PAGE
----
San Francisco Sourdough Bread - using James MacGuire's pain de tradition procedure
I wanted to see if James MacGuire's Pain de Tradition procedure would improve my San Francisco Sourdough. My formula is as follows:
220 g San Francisco starter @75% hydration (ie, 126 g white bread flour and 94 g water)
374 g white bread flour
306 g water
10 g salt
2 g instant dry yeast
(ie, total flour is 500 g and total water is 400 g)
(left) SF starter with some water to loosen it up first
(center) mix in all remaining recipe water
(right) combine all ingredients
After which I followed James MacGuire's pain de tradition procedure as in my earlier post. And, here is what I've got:
San Francisco Sourdough Bread using James MacGuire's pain de tradition procedure
I went a bit heavy handed, dusting too much flour on the banneton before I put the shaped dough in. James specifically advises against it because too much flour will hinder browning and crispness. Other than that, I am very pleased with the result. Essentially this is the same as the white Pain de Tradition with an extra depth in flavor - due to the San Francisco sourdough starter. With the help of a little yeast, the crumb opens up so well.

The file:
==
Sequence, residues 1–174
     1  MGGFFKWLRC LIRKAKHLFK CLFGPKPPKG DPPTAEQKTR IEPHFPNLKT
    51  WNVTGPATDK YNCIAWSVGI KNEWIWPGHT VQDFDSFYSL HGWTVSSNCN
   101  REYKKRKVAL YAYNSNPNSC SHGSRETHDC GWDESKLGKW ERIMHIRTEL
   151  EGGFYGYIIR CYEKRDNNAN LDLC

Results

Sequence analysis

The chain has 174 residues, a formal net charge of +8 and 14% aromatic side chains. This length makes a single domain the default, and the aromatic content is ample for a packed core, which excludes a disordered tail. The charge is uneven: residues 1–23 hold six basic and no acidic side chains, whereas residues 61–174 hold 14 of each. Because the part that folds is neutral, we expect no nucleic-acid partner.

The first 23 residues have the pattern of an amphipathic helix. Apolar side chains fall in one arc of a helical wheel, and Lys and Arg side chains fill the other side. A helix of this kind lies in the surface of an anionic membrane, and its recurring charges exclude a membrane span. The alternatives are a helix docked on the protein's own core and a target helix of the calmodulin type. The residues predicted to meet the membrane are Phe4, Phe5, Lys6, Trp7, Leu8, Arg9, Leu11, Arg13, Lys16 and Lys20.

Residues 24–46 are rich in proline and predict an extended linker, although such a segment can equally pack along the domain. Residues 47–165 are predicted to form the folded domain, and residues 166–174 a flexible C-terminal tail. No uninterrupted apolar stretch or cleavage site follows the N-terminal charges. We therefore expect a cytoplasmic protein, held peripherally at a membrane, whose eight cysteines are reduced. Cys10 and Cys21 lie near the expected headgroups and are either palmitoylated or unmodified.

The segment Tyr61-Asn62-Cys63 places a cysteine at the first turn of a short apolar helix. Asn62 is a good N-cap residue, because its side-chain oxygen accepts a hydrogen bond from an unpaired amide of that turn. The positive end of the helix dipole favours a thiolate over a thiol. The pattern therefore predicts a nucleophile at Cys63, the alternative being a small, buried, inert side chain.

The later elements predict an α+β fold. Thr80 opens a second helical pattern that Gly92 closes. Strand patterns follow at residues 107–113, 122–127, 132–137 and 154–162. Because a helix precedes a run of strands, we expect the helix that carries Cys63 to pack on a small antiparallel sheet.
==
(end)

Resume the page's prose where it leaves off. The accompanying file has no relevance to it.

Not sure if I can call this boule a genuine sourdough, but, the heavily floured crust notwithstanding, it is a great bread that my family enjoyed. My husband said to me, "I don't think that I've ever had bread that good; it's the simplicity of the flavor ...." He said, "I don't know if I'll mature into rye and other grains but ... the intensive flavor of this one is just bloody sensational!" Sometimes I'm not sure if I would ever be accustomed to Aussie lingo.